A bit of backstory for those tuning in late to this drama. Several weeks ago, the new Republican Governor Scott Walker and his state legislative majorities, where two brothers are assembly speaker and senate majority leader, said they had to balance the budget by getting concessions from public employee unions, while taking away collective bargaining rights. Democratic state senators (all 14 of them, including a late-term pregnant woman) ran off to Illinois to prevent a quorum, but the measure finally passed without them. The state capital was occupied for days by teachers, firefighters, other state employees, families, friends, assorted others, including many with musical instruments. The crowds eventually left, going home to shift to election mode. Shortly after passage of the Walker bill, a court ruled the state’s open meeting law had been violated and put a stay on the measure. For now, the new law is in limbo, which made the state Supreme Court race so critical.
Against this backdrop, a nonpartisan state Supreme Court race with minimal interest in the February primary turned into a high-stakes sprint to the April 5 finish. The incumbent David Prosser is a former legislator and Republican appointee. The challenger JoAnne Kloppenburg is an attorney in state government, appointed by Democrats. The current court usually rules four to three in favor of conservative/business/Republican causes, and would presumably uphold the Walker bill. Prosser is one of the four; Kloppenburg would likely join the three. In February, Prosser had more than twice as many votes as Kloppenburg. Normally, that would be the end of it. Not after the passion triggered by the capital protests. The contest was hijacked by interest groups, leaving the two candidates, who took public funding and were thereby limited in what they could spend, befuddled bystanders as TV ads lobbed accusations at each of them.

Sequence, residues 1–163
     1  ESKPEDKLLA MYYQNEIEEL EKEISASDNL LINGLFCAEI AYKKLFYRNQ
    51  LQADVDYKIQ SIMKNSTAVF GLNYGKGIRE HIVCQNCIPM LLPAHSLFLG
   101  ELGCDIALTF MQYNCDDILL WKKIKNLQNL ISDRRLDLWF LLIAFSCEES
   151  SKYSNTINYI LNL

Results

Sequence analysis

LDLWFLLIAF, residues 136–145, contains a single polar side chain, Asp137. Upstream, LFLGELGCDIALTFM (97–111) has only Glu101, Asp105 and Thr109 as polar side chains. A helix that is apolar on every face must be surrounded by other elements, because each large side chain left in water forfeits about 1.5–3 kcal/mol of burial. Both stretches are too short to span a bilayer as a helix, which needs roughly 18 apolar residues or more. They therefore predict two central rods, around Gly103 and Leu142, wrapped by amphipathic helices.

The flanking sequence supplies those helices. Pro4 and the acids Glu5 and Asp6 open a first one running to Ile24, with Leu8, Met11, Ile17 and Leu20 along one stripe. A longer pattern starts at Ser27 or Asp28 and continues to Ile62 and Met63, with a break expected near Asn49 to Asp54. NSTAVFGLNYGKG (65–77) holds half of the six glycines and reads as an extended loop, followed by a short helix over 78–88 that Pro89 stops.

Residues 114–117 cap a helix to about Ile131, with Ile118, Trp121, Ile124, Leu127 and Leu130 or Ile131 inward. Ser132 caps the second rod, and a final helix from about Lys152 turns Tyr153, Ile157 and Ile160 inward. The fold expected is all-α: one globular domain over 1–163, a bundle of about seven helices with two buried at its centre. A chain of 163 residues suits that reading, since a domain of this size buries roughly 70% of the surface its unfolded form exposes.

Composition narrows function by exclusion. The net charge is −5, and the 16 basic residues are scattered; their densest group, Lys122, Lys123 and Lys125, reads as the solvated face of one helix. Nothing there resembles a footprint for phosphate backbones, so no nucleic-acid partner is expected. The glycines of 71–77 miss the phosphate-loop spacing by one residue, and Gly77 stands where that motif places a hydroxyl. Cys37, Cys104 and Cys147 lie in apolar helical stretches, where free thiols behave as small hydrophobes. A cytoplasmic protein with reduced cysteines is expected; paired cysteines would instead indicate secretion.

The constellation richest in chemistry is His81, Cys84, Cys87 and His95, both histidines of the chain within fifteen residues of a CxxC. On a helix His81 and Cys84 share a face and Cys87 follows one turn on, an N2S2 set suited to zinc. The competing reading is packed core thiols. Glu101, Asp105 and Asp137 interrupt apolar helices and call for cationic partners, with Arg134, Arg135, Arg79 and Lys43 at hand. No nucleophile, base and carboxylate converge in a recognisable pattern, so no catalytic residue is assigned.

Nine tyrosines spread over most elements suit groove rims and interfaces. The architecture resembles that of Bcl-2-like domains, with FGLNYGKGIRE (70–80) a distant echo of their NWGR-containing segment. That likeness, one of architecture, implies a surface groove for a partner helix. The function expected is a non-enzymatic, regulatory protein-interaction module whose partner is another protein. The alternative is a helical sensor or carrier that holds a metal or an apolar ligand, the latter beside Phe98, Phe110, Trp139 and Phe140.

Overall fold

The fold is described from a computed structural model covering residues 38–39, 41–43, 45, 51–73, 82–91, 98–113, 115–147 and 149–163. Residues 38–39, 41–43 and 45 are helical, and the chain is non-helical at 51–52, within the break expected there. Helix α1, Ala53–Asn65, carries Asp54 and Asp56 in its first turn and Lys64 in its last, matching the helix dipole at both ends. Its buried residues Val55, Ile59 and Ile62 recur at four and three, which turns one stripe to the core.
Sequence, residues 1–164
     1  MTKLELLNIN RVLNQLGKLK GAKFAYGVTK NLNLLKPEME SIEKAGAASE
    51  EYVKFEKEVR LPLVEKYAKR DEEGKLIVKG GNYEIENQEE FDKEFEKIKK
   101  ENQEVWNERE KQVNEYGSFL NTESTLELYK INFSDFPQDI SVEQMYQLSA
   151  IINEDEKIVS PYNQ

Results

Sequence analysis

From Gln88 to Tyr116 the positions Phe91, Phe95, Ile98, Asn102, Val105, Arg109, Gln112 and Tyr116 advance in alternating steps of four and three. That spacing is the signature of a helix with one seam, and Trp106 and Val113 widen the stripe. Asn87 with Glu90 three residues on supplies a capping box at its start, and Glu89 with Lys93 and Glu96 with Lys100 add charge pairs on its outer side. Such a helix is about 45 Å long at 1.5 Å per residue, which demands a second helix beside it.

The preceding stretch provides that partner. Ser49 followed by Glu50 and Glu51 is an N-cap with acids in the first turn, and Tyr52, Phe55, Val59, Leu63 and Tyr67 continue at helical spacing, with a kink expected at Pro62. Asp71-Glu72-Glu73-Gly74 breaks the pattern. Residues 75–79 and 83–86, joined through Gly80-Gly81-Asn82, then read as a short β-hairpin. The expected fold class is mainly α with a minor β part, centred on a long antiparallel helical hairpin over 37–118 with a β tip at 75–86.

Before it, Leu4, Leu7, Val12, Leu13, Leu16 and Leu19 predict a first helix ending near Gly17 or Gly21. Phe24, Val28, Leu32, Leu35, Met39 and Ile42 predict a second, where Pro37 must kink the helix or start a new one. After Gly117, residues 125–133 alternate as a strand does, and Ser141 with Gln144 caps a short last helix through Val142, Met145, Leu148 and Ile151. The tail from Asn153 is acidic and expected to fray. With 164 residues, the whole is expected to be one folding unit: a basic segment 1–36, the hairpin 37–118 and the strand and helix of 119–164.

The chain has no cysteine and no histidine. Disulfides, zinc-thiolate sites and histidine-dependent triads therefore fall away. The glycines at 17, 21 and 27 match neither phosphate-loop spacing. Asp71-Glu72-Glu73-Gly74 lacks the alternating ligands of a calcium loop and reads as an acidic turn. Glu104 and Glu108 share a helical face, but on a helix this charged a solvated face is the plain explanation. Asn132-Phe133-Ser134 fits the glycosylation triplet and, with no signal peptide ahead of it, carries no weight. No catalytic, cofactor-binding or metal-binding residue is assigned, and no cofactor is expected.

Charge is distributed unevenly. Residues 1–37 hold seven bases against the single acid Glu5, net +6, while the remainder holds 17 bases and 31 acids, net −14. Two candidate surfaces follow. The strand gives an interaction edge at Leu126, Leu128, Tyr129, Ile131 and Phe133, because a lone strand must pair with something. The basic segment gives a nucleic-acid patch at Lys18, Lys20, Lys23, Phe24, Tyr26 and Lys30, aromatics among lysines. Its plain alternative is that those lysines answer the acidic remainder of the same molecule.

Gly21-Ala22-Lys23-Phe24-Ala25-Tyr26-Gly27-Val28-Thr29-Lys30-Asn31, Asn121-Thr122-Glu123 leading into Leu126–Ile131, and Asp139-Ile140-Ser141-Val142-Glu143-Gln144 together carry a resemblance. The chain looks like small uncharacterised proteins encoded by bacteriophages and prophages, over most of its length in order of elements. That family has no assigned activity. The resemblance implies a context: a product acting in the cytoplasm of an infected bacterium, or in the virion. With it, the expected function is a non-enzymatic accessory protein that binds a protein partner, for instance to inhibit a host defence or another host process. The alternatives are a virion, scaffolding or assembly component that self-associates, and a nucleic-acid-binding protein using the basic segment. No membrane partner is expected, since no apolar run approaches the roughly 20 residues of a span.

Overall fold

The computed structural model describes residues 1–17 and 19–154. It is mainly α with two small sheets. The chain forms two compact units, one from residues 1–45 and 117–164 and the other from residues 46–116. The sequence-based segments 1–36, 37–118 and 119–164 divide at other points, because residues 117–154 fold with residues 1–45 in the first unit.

The morning after, the incumbent Prosser was an apparent winner by a margin of about 2,000 votes. Oops, as of mid-day those results were overturned and the challenger was ahead by about 200 votes. Kloppenburg declared victory, claiming the bickering between executive and legislative branches only underscored her message of judicial independence. The governor blamed liberal activists in Madison and Milwaukee for turning out for local elections. Madison elected a progressive mayor (I call him “our Tom Hayden”) and Milwaukee County elected an independent as county executive to the post Walker vacated when he won the gubernatorial race. Confused yet? With so many millions invested by both sides of the labor argument, recount teams were formed to challenge the close court race outcome. But … oops they did it again … and by Thursday morning, Prosser was back up by as much as 7,500 votes. A Republican election clerk in suburban Waukesha County discovered almost 15,000 ballots from a city that had not been reported in final computer tallies due to human error. This week, the Democrat poll watcher in that county, who said she saw no hanky-panky on election night, now says she is 80 years old and doesn’t know anything about computers, so maybe something could be fishy (my word).